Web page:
Collins, 35, becomes first openly gay male athlete in major pro sports after signing a 10-day contract Sunday with the New Jersey. Nets.
After a Winter Olympics ended Sunday in a country that discriminates legislatively against gays, a new day dawned in America when Jason Collins returned to the NBA as the first openly gay player among the four major sports leagues.
The 35-year-old center from Stanford signed a 10-day contract with the Brooklyn Nets, 10 months after he came out in a Sports Illustrated story and four months after the NBA season began.
“The decision to sign Jason was a basketball decision,” Nets general manager Billy King said in a statement. ” We needed to increase our depth inside, and with his experience and size, we felt he was the right choice for a 10-day contract.”
Collins played 10 minutes Sunday night in Los Angeles, where the Nets (26-28) beat the Lakers (19-37) 108-102. Collins, a seven-foot center, was scoreless with two rebounds and five fouls.
“I know that I can play in the NBA and it felt good to be out there tonight,” Collins told reporters afterward. “Conditioning-wise, I felt good. I don’t think I got tired. It was a lot of fun to get back out on the court and set screens, hard fouls. Didn’t take any charges tonight — that’ll change. I’ll get in position next time. As far as basketball timing, it’s going to take at least a couple of practices.”
Collins’ return was a bigger deal than merely plugging a roster gap after the Nets last week traded rebound specialist Reggie Evans, a former Sonic, to Sacramento. Collins made a cultural breakthrough by erasing a long-entrenched taboo in pro sports, after discrimination began fading throughout most of the rest of American culture.
“Jason told us that his goal was to earn another contract with an NBA team,” said Commissioner Adam Silver in a statement. “Today, I want to commend him on achieving his goal. I know everyone in the NBA family is excited for him and proud that our league fosters an inclusive and respectful environment.”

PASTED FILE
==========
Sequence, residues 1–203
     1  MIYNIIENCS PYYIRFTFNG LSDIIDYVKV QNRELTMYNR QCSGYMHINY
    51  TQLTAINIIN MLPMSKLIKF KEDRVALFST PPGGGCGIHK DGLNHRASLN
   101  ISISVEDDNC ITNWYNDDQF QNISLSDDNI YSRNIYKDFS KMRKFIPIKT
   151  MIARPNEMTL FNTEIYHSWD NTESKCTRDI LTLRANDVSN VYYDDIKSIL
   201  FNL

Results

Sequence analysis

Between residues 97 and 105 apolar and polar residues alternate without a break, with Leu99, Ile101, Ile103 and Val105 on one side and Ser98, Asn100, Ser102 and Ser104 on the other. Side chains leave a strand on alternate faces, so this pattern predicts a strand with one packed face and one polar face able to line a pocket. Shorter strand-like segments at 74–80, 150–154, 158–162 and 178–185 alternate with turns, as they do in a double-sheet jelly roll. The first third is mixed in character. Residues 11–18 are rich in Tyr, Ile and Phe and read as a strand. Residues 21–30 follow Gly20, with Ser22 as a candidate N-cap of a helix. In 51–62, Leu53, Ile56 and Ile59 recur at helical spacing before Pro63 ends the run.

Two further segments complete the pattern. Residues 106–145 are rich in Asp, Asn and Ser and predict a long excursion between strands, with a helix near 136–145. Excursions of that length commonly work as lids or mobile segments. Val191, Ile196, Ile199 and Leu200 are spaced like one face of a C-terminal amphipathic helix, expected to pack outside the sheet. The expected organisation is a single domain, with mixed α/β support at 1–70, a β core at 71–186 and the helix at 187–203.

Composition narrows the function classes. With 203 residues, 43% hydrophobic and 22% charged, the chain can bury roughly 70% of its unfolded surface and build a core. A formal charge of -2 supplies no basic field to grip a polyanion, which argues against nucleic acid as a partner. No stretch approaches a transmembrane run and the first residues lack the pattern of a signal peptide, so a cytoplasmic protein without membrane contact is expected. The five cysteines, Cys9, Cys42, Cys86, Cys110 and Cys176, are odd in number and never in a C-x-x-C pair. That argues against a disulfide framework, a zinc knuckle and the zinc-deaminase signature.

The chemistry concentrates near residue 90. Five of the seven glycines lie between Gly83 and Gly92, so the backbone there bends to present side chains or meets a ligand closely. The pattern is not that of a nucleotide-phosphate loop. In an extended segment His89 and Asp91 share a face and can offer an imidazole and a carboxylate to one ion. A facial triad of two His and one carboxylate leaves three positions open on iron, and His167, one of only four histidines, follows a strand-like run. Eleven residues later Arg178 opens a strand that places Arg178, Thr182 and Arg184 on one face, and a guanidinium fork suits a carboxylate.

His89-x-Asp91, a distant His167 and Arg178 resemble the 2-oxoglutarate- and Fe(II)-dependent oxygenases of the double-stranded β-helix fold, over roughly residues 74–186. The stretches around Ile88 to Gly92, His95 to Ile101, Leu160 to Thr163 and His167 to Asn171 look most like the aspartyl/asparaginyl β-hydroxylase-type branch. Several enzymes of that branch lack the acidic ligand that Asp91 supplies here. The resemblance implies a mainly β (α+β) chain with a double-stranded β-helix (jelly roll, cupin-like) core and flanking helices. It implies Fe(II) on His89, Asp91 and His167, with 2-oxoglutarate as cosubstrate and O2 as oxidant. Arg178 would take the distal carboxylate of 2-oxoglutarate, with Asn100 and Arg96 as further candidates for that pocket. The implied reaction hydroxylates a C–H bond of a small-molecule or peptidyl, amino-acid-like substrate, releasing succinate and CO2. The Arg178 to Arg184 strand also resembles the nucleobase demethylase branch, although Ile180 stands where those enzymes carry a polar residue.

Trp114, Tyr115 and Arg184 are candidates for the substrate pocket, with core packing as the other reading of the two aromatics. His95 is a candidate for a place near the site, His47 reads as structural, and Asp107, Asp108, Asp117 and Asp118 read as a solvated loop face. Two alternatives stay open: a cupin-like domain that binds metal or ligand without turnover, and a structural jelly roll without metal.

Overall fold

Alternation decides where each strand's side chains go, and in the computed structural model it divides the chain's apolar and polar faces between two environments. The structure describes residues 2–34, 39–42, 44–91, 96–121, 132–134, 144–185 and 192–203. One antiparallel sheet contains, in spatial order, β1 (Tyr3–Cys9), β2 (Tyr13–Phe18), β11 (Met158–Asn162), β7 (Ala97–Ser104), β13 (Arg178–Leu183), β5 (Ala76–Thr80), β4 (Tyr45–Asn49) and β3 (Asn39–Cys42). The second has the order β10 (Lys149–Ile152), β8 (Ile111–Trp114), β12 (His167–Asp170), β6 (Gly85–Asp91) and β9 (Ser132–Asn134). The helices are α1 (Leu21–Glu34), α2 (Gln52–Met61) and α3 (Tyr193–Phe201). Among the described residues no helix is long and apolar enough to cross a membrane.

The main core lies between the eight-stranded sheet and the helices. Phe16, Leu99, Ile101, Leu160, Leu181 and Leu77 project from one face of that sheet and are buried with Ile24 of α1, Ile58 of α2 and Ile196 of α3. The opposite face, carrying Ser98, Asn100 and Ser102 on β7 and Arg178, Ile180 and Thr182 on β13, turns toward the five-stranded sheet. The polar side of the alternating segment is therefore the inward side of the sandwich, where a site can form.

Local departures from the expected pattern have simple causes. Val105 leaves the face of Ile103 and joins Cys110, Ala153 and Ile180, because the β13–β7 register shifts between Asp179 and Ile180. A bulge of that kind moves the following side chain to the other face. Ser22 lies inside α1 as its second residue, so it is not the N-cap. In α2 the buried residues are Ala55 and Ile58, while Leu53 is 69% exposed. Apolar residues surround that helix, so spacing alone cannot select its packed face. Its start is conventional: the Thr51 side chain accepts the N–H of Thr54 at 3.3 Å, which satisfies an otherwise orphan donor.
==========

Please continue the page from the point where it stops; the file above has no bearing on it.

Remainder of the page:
Collins, a Los Angeles native and 12-year NBA veteran, last played in April for the Washington Wizards, his sixth NBA team. He has been working out regularly. The Nets quietly practiced him last week before deciding to sign Collins after Glen Davis, another big man the Nets were scouting, said he would sign with the Los Angeles Clippers after he became a free agent Sunday.
Collins played his first 6½ seasons with the Nets, where he was a teammate with Jason Kidd, now the Nets coach, when they reached two NBA Finals. He’s also been a teammate of Joe Johnson in Atlanta and spent a half-season in Boston with Paul Pierce and Kevin Garnett.
The Nets are next to last in rebounding partly because of a foot injury Dec. 20 to starting center Brook Lopez, who played with Collins and his twin brother, Jarron, when all were at Stanford.
Collins, it would seem, has plenty of support in the Nets locker room.
“Great competitor, plays team basketball, is for the team, great guy, great character,” Garnett told reporters Saturday about Collins.
The signing follows the announcement earlier in the month by University of Missouri defensive end Michael Sam, the Southeastern Conference’s defensive player of the year, that he is gay. He is expected to be a mid- to late-round draft choice in the NFL draft in May.
Sam tweeted his congratulations to Collins.
— Michael Sam (@MikeSamFootball) February 23, 2014
Sam held a press conference Saturday at the NFL scouting combine in Indianapolis, his first public engagement with questioners since his announcement. He handled all questions with directness, humor and grace.
“Heck yeah, I wish you guys would tell me, ‘Michael Sam, how’s football going?’ ” Sam said. “I would love for you to ask me that question, but it is what it is.
“I just wish you guys would see me as Michael Sam, the football player, instead of Michael Sam, the gay football player.”
In 2013, midfielder Robbie Rogers announced he was gay, joining the Los Angeles Galaxy and becoming the first MLS player to come out.
A big weekend in sports had nothing to do with a scoreboard and everything to do with progress.